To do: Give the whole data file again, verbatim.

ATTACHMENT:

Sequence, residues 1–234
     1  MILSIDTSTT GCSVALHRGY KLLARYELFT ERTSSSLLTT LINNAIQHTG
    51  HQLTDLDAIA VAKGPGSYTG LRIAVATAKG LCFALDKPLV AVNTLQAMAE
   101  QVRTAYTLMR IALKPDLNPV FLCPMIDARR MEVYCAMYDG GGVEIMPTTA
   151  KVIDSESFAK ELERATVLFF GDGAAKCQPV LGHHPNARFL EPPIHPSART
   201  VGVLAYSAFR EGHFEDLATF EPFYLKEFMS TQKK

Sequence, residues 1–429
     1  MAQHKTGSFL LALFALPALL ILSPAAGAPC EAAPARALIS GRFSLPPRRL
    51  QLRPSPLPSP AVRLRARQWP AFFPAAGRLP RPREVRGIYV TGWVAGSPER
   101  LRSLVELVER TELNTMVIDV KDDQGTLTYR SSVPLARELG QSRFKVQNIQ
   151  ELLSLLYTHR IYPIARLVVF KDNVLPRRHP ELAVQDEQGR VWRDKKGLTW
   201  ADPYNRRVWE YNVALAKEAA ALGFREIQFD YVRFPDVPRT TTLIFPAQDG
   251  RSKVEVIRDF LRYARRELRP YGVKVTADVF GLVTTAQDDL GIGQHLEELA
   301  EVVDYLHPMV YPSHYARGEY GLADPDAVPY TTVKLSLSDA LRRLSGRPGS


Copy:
Sequence, residues 1–234
     1  MILSIDTSTT GCSVALHRGY KLLARYELFT ERTSSSLLTT LINNAIQHTG
    51  HQLTDLDAIA VAKGPGSYTG LRIAVATAKG LCFALDKPLV AVNTLQAMAE
   101  QVRTAYTLMR IALKPDLNPV FLCPMIDARR MEVYCAMYDG GGVEIMPTTA
   151  KVIDSESFAK ELERATVLFF GDGAAKCQPV LGHHPNARFL EPPIHPSART
   201  VGVLAYSAFR EGHFEDLATF EPFYLKEFMS TQKK

Sequence, residues 1–429
     1  MAQHKTGSFL LALFALPALL ILSPAAGAPC EAAPARALIS GRFSLPPRRL
    51  QLRPSPLPSP AVRLRARQWP AFFPAAGRLP RPREVRGIYV TGWVAGSPER
   101  LRSLVELVER TELNTMVIDV KDDQGTLTYR SSVPLARELG QSRFKVQNIQ
   151  ELLSLLYTHR IYPIARLVVF KDNVLPRRHP ELAVQDEQGR VWRDKKGLTW
   201  ADPYNRRVWE YNVALAKEAA ALGFREIQFD YVRFPDVPRT TTLIFPAQDG
   251  RSKVEVIRDF LRYARRELRP YGVKVTADVF GLVTTAQDDL GIGQHLEELA
   301  EVVDYLHPMV YPSHYARGEY GLADPDAVPY TTVKLSLSDA LRRLSGRPGS